It was clear that we were all more interested in understanding this deeply puzzling world than in putting each other down. That was how Elizabeth Anscombe, Philippa Foot, Iris Murdoch, Mary Warnock and I, in our various ways, all came to think out alternatives to the brash, unreal style of philosophising – based essentially on logical positivism – that was current at the time. And these were the ideas that we later expressed in our own writings.

Given that so many people think of philosophy simply as arguing, and therefore as an intrinsically competitive activity, it might be rather surprising to hear Midgley claim that interesting and innovative philosophical thought emerged from her environment at Oxford because of the presence of a critical mass of people who “weren’t keen on arguing” but were “more interested in understanding this deeply puzzling world” (emphasis mine).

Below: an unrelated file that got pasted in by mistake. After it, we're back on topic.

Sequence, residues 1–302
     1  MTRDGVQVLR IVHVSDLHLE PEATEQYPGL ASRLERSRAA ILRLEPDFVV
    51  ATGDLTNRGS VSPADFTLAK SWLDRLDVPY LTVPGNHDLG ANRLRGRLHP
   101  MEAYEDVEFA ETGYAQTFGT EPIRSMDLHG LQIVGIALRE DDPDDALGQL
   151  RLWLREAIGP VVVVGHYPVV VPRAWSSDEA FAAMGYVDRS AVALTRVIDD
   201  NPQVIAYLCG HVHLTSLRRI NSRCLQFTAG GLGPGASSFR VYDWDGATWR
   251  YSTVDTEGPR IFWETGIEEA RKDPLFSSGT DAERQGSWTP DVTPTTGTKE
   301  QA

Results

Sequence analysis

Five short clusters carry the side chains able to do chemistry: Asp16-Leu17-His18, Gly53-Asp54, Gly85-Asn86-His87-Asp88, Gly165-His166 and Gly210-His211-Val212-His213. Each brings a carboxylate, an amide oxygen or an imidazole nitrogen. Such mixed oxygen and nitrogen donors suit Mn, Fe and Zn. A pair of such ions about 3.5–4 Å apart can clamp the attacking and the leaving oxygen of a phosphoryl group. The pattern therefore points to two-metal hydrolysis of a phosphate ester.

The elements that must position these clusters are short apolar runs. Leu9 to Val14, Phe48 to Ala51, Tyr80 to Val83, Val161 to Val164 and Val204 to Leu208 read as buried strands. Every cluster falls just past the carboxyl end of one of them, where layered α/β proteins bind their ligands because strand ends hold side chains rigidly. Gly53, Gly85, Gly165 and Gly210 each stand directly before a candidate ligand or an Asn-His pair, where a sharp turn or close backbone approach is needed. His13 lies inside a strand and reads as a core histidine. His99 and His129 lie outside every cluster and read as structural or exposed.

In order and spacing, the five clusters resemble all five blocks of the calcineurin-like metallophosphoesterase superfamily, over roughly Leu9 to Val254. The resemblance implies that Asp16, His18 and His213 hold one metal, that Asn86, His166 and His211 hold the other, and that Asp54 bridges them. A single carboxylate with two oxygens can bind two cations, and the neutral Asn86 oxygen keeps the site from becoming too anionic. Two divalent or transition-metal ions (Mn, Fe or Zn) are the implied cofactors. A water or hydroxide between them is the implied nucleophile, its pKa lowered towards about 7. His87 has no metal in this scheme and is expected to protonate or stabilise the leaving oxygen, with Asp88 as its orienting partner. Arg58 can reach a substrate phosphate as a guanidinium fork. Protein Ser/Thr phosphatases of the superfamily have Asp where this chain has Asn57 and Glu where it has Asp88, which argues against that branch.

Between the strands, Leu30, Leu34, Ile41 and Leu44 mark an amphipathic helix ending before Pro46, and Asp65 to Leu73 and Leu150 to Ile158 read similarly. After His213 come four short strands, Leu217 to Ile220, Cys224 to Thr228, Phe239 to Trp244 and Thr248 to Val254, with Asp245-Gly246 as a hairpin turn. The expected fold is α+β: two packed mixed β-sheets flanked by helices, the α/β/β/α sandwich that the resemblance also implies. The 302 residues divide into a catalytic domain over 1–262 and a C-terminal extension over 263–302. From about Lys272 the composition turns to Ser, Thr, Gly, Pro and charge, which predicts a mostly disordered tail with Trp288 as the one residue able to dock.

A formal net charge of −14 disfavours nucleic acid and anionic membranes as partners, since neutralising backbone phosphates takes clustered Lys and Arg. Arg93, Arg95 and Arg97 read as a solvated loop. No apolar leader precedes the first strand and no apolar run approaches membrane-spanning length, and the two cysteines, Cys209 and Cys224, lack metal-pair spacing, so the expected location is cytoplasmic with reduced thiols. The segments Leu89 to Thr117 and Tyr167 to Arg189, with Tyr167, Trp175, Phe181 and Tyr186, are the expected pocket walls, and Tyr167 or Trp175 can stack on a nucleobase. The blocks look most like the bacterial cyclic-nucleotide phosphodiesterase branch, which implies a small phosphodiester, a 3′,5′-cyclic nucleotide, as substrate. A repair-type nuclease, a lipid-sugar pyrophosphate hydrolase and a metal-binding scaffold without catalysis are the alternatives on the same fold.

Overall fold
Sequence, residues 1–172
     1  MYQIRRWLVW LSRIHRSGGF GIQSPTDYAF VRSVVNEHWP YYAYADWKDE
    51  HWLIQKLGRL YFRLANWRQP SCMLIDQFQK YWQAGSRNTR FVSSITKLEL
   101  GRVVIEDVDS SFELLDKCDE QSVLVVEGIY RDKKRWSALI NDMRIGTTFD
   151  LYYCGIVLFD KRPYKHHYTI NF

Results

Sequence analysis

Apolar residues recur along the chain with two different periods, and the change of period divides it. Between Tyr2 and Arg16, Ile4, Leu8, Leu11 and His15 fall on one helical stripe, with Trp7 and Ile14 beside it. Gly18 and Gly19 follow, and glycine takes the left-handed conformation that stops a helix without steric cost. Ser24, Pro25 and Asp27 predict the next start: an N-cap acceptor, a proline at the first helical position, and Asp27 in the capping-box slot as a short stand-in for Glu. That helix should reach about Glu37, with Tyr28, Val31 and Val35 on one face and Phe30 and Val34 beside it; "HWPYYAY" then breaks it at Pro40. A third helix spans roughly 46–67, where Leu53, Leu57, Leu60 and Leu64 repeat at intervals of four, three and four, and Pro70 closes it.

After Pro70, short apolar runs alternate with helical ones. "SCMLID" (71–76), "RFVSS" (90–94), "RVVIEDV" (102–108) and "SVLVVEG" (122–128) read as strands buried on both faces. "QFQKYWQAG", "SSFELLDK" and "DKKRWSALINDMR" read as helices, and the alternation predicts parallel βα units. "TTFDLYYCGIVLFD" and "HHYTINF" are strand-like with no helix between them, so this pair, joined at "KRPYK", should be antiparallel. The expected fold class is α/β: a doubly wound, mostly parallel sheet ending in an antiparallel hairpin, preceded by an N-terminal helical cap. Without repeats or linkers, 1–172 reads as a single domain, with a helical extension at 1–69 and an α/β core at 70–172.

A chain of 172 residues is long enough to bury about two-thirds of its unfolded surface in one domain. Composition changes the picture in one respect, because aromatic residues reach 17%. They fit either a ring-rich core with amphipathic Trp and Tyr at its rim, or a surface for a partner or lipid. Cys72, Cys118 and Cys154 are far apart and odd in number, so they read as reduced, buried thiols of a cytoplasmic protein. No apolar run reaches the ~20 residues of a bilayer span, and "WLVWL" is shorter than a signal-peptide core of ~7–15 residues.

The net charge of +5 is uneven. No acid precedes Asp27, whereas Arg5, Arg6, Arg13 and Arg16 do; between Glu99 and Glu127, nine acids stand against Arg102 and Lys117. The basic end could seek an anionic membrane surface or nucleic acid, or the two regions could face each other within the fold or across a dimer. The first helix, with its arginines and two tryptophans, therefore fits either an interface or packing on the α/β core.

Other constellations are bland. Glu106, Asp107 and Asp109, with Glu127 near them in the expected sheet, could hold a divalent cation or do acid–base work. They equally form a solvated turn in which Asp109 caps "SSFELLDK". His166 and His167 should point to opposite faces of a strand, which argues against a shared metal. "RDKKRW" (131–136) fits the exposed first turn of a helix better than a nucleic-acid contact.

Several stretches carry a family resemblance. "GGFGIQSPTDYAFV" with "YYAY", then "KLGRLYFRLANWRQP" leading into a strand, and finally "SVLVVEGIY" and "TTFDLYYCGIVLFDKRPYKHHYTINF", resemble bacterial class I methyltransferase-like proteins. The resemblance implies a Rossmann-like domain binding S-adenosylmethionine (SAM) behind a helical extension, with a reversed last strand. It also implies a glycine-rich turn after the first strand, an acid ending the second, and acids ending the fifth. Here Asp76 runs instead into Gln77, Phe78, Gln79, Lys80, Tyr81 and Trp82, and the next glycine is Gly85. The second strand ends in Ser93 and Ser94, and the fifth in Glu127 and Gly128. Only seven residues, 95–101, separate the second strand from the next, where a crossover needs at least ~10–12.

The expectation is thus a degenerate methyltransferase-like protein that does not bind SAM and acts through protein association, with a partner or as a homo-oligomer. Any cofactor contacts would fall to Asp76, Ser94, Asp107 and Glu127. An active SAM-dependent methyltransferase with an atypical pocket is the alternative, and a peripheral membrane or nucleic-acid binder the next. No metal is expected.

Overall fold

In a recent follow-up to and expansion of that letter, Midgley quotes Colin McGinn describing his own philosophical education at Oxford, thirty years later, especially in classes with Gareth Evans: “Evans was a fierce debater, impatient and uncompromising; as I remarked, he skewered fools gladly (perhaps too gladly). The atmosphere in his class was intimidating and thrilling at the same time. As I was to learn later, this is fairly characteristic of philosophical debate. Philosophy and ego are never very far apart. Philosophical discussion can be … a clashing of analytically honed intellects, with pulsing egos attached to them … a kind of intellectual blood-sport, in which egos get bruised and buckled, even impaled.” To which Midgley replies, with her characteristic deceptively mild ironic tone: